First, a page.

Residents of high-union-density states are more likely to have health insurance: Average uninsured rate (2019) in high-, medium-, and low-union-density states, 2019
|Union density||Uninsured rate|
Notes: Union density is defined as the share of workers in the state who are represented by a union, including union members and other workers who are covered by a union contract, based on the variable “union” from EPI extracts of CPS-ORG microdata. We average union density data across 2015 to 2019 for each state to give a more accurate estimate of states’ typical unionization rates over time. Low-union-density states are the 17 states with the lowest average union densities from 2015–2019 (all less than 8%). Medium-union-density states are the 17 states (including D.C.) in the middle of the union-density rankings (with union densities ranging from 8.3% to 13.3%). High-union-density states are the 17 states with the highest average union densities from 2015–2019 (greater than or equal to 13.5%). See Table 1 for more detail about these groupings.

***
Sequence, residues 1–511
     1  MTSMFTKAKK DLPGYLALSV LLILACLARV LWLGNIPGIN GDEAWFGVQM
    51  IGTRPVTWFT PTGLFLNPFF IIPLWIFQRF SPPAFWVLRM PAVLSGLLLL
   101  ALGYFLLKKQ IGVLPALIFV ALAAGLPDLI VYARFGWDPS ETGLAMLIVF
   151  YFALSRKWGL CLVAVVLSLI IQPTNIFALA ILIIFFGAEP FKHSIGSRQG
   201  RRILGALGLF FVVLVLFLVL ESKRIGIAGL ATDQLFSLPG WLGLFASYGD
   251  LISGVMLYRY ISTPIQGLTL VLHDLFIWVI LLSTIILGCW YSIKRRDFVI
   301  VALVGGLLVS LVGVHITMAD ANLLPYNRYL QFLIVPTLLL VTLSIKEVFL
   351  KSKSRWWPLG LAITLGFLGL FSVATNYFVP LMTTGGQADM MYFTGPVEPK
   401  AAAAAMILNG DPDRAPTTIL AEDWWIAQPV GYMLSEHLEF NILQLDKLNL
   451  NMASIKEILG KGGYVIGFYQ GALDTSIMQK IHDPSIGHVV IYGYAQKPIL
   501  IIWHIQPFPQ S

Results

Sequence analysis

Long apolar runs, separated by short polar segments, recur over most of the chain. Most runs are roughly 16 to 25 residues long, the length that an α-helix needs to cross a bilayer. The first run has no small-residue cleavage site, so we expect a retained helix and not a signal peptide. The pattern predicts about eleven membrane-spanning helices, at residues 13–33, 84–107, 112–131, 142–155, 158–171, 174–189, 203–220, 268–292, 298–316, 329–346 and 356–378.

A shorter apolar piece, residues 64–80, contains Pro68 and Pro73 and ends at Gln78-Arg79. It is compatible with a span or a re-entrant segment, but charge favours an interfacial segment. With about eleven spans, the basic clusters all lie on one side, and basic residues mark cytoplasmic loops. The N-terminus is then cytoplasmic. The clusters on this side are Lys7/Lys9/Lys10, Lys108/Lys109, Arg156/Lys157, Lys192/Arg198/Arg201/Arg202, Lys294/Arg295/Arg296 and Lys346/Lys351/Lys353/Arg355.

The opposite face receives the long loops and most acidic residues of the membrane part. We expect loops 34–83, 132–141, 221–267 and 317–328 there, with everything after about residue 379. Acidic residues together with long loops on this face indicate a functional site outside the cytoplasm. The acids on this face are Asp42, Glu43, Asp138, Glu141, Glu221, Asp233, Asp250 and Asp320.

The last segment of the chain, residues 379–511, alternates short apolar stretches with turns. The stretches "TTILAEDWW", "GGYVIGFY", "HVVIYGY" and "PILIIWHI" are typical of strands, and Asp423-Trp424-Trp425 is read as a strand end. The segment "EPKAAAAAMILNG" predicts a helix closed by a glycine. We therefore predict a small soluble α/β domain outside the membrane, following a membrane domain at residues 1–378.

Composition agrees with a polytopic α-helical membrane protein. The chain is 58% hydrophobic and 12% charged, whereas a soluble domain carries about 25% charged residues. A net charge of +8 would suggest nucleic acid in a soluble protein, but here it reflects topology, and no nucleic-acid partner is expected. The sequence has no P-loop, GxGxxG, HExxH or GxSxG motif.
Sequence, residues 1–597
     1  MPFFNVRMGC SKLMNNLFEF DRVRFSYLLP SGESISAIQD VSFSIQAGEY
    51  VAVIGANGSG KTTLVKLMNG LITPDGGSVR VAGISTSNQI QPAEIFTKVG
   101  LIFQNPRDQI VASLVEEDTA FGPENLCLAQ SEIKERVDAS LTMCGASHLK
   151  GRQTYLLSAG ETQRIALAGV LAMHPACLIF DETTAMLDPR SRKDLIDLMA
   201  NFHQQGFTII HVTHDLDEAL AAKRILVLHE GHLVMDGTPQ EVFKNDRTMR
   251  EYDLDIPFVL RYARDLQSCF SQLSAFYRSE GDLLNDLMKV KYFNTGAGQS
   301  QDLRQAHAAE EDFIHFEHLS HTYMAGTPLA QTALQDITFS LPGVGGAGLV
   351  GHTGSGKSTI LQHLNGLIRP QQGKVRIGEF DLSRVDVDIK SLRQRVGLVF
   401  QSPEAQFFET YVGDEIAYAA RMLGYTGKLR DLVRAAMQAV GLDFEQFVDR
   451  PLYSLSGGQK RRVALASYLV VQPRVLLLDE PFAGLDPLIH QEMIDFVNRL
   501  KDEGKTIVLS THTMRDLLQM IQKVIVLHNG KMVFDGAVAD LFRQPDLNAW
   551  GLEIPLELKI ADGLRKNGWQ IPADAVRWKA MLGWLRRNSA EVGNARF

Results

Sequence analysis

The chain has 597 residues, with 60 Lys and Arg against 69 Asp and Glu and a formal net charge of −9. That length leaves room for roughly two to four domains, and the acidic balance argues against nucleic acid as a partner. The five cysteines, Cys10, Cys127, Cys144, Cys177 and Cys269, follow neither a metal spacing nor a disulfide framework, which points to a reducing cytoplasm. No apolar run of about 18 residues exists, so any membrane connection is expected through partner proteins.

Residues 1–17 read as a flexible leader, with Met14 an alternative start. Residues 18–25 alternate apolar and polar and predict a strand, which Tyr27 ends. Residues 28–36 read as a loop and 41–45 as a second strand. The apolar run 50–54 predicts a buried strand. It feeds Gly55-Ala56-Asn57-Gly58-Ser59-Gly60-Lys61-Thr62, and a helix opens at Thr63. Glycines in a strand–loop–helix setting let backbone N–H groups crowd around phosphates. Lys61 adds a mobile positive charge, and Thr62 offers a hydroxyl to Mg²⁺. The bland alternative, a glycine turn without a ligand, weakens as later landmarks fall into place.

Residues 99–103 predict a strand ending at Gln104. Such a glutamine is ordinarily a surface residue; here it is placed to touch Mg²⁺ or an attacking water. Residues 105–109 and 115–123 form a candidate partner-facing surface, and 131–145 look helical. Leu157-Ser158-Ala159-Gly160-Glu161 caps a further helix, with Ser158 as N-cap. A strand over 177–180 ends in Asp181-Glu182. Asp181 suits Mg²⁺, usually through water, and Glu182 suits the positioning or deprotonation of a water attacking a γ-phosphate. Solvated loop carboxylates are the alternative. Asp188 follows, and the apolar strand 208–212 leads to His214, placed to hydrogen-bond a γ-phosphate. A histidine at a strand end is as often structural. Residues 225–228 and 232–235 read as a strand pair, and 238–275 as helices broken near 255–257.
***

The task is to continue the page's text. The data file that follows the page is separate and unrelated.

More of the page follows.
Sources: EPI analysis of 2015–2019 Current Population Survey Outgoing Rotation Group (CPS-ORG) microdata for all workers ages 16 and older; Keisler-Starkey and Bunch, “Health Insurance Coverage in the United States,” U.S. Census Bureau, September 2020.